Losing a parent or grandparent is never easy, but passing on their legacy might give the process a new meaning.
Like many men in the baby boomer generation, Bob Perry worked in manufacturing for more than 30 years. For the last four years, his tools sat in his son’s garage. Ron Perry couldn’t get rid of the tools so he teamed up with Phil Kerner, the ‘tool and dye guy’. The Perrys are the first family to take part in a new initiative, the Family Legacy Project. It’s a tool exchange from one generation to the next.
Kerner says, “What I can do for folks is take those tools that their father or husband might have used for years, in this case 32 years and General Motors, and I’ll find homes for them.”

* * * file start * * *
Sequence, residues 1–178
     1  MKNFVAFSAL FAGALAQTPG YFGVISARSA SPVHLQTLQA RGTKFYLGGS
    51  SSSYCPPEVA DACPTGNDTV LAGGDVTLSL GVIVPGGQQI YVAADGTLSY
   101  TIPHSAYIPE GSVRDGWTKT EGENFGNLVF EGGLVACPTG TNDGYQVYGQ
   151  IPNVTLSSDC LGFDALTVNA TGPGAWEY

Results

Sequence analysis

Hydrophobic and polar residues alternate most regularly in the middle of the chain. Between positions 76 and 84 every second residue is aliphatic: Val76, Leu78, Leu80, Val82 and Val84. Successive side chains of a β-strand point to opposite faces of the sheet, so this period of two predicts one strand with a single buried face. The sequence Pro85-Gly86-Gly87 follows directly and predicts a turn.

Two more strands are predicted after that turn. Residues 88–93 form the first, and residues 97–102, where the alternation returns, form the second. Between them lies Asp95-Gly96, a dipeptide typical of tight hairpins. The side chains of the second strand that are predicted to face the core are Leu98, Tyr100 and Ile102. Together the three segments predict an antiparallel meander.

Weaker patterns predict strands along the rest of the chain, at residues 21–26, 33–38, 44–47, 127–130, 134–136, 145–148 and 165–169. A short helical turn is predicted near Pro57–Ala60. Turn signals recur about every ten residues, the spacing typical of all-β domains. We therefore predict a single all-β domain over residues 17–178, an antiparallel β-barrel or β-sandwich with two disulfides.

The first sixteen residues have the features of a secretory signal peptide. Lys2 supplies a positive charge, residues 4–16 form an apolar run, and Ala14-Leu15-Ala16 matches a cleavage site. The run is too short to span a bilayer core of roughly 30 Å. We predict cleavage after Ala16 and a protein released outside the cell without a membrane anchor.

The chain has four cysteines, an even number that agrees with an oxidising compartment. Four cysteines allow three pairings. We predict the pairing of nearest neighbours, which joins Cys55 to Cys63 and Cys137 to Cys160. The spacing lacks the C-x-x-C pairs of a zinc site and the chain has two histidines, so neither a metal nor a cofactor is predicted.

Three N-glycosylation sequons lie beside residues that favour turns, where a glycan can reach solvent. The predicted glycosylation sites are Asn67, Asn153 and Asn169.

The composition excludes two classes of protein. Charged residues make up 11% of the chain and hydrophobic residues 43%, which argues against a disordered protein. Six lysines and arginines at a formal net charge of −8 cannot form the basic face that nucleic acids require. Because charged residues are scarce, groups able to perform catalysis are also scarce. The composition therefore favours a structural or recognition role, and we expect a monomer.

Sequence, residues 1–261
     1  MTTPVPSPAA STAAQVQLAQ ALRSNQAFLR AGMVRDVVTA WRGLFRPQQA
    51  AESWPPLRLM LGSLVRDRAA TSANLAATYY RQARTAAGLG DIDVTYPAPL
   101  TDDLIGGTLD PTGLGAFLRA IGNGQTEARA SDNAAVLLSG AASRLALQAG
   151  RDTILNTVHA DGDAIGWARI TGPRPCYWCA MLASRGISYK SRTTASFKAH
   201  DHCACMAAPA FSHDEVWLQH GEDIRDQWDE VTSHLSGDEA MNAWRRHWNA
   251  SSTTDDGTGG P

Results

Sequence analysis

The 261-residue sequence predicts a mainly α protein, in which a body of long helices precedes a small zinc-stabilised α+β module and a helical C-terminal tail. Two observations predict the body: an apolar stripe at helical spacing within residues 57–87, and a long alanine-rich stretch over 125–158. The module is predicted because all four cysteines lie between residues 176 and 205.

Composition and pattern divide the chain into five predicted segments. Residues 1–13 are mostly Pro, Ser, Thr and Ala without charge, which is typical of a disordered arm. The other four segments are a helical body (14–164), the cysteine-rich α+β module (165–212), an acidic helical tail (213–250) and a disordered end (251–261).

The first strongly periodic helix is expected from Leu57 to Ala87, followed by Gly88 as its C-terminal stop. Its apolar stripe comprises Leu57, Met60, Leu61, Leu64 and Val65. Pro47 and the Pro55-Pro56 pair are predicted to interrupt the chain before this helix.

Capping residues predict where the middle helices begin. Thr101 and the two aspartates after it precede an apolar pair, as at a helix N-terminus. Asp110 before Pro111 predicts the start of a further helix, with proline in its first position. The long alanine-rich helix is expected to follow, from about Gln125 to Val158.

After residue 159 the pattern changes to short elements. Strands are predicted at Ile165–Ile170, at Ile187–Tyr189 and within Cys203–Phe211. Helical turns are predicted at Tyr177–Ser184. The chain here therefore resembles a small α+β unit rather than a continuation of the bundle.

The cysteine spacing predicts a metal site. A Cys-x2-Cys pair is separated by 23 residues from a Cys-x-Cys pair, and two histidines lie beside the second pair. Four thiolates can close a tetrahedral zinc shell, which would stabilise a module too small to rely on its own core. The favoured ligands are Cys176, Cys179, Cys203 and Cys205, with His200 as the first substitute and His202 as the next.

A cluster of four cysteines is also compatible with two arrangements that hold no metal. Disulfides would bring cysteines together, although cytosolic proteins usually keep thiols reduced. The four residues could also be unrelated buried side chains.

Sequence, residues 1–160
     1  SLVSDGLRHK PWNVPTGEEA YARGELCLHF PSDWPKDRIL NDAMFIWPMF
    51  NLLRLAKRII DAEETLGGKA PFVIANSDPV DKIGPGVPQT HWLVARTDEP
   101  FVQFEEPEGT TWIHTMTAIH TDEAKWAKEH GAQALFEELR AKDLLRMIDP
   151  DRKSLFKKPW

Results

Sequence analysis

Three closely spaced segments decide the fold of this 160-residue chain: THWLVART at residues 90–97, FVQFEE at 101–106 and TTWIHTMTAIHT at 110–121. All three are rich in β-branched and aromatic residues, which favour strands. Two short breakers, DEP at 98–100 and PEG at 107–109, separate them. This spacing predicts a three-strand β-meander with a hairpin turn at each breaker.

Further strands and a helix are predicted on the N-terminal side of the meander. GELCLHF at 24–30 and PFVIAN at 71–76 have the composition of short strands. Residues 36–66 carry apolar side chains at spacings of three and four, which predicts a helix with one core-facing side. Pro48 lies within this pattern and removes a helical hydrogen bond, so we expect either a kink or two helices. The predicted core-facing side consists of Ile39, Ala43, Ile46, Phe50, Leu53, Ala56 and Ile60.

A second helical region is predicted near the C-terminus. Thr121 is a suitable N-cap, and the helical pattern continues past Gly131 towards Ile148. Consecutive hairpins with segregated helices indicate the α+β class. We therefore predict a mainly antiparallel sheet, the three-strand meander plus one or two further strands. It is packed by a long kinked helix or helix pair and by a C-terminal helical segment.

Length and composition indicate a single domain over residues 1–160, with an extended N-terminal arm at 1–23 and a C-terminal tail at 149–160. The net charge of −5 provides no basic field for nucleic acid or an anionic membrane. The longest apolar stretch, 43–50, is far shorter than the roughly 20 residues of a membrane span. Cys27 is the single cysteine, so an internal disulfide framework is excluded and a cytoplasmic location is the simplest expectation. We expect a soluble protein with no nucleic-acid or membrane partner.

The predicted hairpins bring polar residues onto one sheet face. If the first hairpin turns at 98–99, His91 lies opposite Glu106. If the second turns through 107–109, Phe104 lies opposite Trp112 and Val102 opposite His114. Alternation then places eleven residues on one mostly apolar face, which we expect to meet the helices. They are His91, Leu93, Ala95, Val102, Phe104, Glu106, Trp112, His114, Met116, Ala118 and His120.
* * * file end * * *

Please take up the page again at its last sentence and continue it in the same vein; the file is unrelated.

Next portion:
Ron Perry tells us, “I just couldn’t get rid of them. I needed to know that they were going somewhere where they could be useful.”
Kerner says there will always be a place for manufacturing and through the Family Legacy Project, those classic tools will wind up in good hands.
For more information, please visit http://www.thetoolanddieguy.com/family-legacy-project/.